PM busting with pride

Sometimes political analysis need go no deeper than a simple image on a screen. Tuesday offered two of them. One, of course, was the stunning image of one of the ships from the Franklin expedition lying on the seabed where it had rested, undetected, for almost 170 years.

Sometimes political analysis need go no deeper than a simple image on a screen.

Tuesday offered two of them.

One, of course, was the stunning image of one of the ships from the Franklin expedition lying on the seabed where it had rested, undetected, for almost 170 years.

But if there was a more stunning image, it was the boyish glee with which Prime Minister Stephen Harper announced the find, trying to stifle a grin, almost busting the buttons on his button-down demeanour.

The prime minister’s ship had come in.

Harper’s attachment to the Canadian North has often been dismissed as nothing more than a yearly photo op, derided as an out-of-touch prime minister waving at rocks in exotic locales. His obsession with the search for the lost expedition was characterized as nothing more than a man using a budget and power to engage in his hobby of historical mysteries.

But there was always more at play and Tuesday it all fell into place.

For a prime minister who has tried to put his own stamp on our history — renaming buildings and roads for Tory icons, massaging the events of the First World War and the War of 1812 and reverting to historical names for our navy and air force — this was a day he could actually announce history.

A man who has tried to raise Canadian awareness of the Arctic suddenly had reason to brag of a huge step in our quest for unquestioned Arctic sovereignty, even if it was more symbolic than substantive.

Two years ago in the Arctic, Harper said the modern age abhors a mystery. “Mysteries must be solved,’’ he said, and now much of that mystery has indeed been solved.

It was also a triumph for Canadian science and perseverance, a victory that wraps a Tim Hortons commercial into an international hockey victory on the Canadiana meter.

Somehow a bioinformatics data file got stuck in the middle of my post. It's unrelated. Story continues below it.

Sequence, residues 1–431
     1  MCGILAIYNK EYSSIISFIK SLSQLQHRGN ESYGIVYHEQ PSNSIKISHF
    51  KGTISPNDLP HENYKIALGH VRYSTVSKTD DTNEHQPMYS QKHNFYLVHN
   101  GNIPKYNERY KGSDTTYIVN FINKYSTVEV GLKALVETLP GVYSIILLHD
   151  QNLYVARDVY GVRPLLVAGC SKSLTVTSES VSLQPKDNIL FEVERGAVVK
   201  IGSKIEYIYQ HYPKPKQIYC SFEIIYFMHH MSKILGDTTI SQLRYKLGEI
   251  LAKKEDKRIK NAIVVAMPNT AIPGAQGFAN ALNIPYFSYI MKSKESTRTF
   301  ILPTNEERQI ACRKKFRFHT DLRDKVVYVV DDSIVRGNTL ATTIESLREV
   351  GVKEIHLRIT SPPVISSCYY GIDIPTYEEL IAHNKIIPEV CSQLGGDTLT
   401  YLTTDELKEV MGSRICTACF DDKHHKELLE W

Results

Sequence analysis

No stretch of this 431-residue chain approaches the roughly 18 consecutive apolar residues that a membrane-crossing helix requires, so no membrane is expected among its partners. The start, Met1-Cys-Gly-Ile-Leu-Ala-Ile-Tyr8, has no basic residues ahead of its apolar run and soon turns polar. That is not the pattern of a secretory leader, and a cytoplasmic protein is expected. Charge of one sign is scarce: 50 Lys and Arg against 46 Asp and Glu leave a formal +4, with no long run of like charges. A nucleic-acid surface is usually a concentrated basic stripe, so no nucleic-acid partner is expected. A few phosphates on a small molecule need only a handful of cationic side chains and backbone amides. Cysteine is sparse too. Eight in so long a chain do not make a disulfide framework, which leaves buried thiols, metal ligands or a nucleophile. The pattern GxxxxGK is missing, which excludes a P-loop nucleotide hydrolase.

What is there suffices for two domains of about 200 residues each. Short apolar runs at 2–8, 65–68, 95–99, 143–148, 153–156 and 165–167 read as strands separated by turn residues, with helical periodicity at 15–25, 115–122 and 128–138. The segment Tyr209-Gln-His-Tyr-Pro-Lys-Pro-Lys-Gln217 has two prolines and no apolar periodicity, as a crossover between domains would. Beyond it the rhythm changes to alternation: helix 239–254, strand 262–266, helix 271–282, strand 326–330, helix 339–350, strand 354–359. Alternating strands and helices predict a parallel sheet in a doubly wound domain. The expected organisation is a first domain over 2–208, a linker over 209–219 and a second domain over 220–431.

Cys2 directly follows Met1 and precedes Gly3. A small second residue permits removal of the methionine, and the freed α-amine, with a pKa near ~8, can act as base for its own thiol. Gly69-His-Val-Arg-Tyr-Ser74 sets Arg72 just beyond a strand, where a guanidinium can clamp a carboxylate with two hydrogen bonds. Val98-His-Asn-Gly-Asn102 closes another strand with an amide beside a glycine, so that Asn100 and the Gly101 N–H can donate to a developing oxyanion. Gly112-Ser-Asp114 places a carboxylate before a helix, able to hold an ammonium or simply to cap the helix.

This probably speaks more to Harper’s legacy than his short-term political prospects.

No political reporter in this country has ever encountered an undecided voter who declared he or she would move to the Conservative fold if Harper could just find those damn Franklin ships.

There has been no shortage of critics who wondered why so much money was being poured into Parks Canada’s search for the ships at a time when its budget was being otherwise pared to the point that the opening hours for parks were cut back.

But this discovery does connect Canadians with their history and particularly their North, something Harper has sought since he came to office.

The technology that went into the historic find is also being used to enhance Ottawa’s ability to ensure the safety and security of the country’s northern borders and the mapping of the sea floor that was essential to the expedition is also key to building the pillars of sovereignty.

Jim Balsillie, the BlackBerry co-founder who has been part of the annual Franklin search with his Arctic Research Foundation, told me he thought Tuesday was a day of nation-building.

Sovereignty can be defined many ways, Balsillie said, but it’s not just how Canada exercises sovereignty but how the rest of the world views the country.

When he began with the Canadian delegation back in 2008, there were other ships trolling the waters off the west coast of King William Island and everyone knew there were other searches underway for the lost Franklin ships, just as they had been since the first searches were launched in the late 1840s.

“We all worried others would make this find and claim that find as their own,’’ he said.

Instead, foreign headlines this week trumpeted a Canadian accomplishment.

The discovery, while historic, is only the beginning, Balsillie believes. It is a catalyst, an opportunity for Canadians to build a stronger knowledge and engagement with the Arctic, and that, too, is a step toward sovereignty.

Others see it as largely symbolic.

John Higginbotham, a former diplomat and fellow at the Centre for International Governance, believes the Franklin find is a powerful symbol but he likened it to any government’s desire to celebrate war and historical accomplishment.

“Every party recognizes the Arctic and celebrates the North and they do it for honest and political reasons,’’ he told me.

Symbolism, however, is a powerful political force and Tuesday was a day when those symbols worked for an often unpopular government.

Tim Harper is a syndicated Toronto Star national affairs writer. He can be reached at tharper@thestar.ca.

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